Horses for courses, eh what?
" not the usual boring stuff, military or 'historical' figures, (I cringe when I see generals or queens, must admit)"
Ditto, it goes back to that past lives thread, somehow everyone was cleopatra, Dick the poo and not some ordinary bod. I find the lives of real people much more interesting than the elevated. If I had to represent an ancestor I would be somehwere on Lewis and down in Southern Europe, although the jockular lot may have some English bits, I might do a bit of digging.
Do you know what I have to do for Scotland? in terms of digging up data?
Posted: Sun Oct 14, 2007 11:26 pm
I wouldn't confuse first person with 'acting'. First person is doing, rather than talking about, simply doing what you do and you may or may not talk depending on the context and the situation. You don't have to play act to be in character, although sometimes it happens that to do so might work, or be appropriate. A lot depends on the people you're with and whether you can spark off them, too. And there are definite different ethoses in different periods - I've found people I can spark off really well with, with 17thC as there is a long tradition of it there and people are up for it - it even works with people you don't know, but have stumbled across in a LH camp. Try it with 15thC re-enactors, a whole different story - they seem to be terrified of it. That background ethos is a huge factor, I think. It probably only works where people are used to it and don't poo their pants if you turn to them and say something 'in character' but just bluffly join in!
And there's times when you can't di first person at all. But where you can.... I spose it's my 'teacher gene' but I get bored of the 'they did this' routine - part of me thinks just get on with it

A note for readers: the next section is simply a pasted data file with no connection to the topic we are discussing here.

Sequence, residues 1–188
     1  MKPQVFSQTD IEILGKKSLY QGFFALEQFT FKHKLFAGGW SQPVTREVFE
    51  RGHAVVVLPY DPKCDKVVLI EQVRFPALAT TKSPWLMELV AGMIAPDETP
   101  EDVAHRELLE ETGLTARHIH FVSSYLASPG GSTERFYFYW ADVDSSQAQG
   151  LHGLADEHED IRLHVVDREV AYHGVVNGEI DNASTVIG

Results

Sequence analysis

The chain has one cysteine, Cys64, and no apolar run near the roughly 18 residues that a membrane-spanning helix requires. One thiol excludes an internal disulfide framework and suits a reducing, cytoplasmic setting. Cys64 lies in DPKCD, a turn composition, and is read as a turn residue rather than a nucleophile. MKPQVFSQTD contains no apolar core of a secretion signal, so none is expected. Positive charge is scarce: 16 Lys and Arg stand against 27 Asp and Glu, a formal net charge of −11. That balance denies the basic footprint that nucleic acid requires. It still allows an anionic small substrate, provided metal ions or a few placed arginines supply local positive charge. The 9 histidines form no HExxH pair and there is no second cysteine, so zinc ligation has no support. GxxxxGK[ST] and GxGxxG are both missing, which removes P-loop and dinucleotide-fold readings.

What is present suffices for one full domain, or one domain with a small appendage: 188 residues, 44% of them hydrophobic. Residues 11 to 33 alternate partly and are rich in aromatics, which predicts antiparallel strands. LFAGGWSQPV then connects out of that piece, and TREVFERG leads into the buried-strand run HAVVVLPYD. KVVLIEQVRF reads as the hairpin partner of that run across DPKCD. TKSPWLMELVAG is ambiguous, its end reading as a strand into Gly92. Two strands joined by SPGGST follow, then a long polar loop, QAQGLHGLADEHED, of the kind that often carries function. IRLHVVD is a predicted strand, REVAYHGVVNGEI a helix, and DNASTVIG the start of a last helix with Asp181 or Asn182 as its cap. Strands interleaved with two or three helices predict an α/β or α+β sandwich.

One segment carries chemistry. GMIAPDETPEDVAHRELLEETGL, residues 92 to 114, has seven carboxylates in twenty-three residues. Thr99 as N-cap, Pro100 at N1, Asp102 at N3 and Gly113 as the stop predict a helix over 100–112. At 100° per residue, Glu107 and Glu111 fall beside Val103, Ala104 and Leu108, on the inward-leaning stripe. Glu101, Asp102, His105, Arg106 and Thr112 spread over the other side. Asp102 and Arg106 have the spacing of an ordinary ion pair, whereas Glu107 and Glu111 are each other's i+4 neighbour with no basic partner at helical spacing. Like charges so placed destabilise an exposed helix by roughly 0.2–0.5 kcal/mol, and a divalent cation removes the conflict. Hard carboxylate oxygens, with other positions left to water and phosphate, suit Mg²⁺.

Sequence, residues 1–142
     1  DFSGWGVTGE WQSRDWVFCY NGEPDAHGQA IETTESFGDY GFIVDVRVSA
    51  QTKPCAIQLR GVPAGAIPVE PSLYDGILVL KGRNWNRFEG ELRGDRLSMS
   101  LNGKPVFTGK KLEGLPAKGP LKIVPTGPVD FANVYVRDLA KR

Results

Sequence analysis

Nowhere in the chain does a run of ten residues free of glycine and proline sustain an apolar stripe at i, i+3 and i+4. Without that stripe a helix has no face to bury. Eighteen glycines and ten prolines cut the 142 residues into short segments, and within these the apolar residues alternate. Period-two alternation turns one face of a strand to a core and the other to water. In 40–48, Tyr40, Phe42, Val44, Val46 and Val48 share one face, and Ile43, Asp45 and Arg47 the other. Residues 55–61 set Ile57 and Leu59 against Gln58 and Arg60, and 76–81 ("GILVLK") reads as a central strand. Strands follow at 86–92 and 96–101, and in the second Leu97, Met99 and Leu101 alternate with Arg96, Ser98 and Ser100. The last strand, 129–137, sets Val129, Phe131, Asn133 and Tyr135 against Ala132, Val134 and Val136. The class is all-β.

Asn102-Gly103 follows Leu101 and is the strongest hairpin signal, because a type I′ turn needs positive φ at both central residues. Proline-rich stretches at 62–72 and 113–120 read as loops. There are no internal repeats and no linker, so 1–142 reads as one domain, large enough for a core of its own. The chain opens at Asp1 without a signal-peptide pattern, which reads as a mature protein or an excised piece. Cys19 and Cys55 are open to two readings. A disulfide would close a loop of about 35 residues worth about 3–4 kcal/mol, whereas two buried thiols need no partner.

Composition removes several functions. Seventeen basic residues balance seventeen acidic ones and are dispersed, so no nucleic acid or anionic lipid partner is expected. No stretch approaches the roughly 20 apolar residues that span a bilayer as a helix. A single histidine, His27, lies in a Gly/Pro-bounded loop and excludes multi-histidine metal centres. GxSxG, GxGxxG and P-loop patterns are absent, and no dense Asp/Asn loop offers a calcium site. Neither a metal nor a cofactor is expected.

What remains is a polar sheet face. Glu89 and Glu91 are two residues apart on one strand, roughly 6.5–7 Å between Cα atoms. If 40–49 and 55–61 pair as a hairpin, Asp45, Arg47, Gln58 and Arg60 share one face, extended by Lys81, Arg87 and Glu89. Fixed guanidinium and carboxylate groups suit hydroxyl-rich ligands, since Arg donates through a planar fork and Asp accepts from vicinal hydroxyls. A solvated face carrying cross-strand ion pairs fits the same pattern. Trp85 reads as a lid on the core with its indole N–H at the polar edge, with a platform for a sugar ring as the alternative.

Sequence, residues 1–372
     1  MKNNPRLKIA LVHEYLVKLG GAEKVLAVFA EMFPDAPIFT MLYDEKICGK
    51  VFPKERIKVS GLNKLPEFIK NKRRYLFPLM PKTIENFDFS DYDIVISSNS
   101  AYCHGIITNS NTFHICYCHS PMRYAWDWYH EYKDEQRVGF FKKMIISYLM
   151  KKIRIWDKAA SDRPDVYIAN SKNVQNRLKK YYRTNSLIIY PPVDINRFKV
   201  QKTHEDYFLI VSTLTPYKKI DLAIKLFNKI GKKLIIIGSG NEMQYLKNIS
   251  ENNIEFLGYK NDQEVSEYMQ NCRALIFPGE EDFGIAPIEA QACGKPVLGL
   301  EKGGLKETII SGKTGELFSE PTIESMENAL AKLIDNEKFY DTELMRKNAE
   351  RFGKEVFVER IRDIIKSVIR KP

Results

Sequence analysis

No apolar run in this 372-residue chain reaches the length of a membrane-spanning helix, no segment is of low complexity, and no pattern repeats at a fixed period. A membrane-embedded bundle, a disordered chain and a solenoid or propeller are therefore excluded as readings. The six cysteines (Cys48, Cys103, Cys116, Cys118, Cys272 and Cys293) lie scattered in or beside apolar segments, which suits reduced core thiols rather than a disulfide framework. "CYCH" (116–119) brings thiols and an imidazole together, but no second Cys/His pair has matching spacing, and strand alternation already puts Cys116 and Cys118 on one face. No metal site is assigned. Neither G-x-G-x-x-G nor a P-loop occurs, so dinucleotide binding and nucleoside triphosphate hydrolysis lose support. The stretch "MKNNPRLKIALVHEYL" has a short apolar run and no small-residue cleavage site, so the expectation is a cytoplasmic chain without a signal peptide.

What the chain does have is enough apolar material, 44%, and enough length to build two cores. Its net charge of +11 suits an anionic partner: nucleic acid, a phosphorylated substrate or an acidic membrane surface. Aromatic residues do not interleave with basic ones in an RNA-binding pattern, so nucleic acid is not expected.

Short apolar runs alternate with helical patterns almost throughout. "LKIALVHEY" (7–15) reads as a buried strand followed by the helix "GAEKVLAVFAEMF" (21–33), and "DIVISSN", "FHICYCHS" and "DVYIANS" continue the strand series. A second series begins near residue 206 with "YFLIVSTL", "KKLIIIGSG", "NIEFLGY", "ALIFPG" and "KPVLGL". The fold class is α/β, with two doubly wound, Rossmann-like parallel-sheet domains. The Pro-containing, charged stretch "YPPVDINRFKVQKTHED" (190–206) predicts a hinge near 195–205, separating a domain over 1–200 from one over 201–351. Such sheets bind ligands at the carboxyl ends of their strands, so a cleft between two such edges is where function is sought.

. Also there are limitations, obviously like some direct questions and some contexts demand you react in a different way.
Obviously you're in pedagogue mode if doing a school party, but even then you can have some pretty focused criteria in mind and like a good teacher, won't overload them with facts - which untrained enthusiasts tend to do. Hit the odd attainment target and maybe even get say three ideas over, and give them some hands-on if you can and that's it, really.
I've been involved in LH where I've seen some pretty elaborate stuff explained rather than demonstrated - and that's what I'm getting at. And those people who looked it up on the internet the night before but come out with a 20 minute peroration about whatever it is without actually doing
it... And those third person ones who are actually demonstrating a process, but start to give you the history of certain aspects 200 years before/after the period in question, for no apparent reason and unprovoked by a question.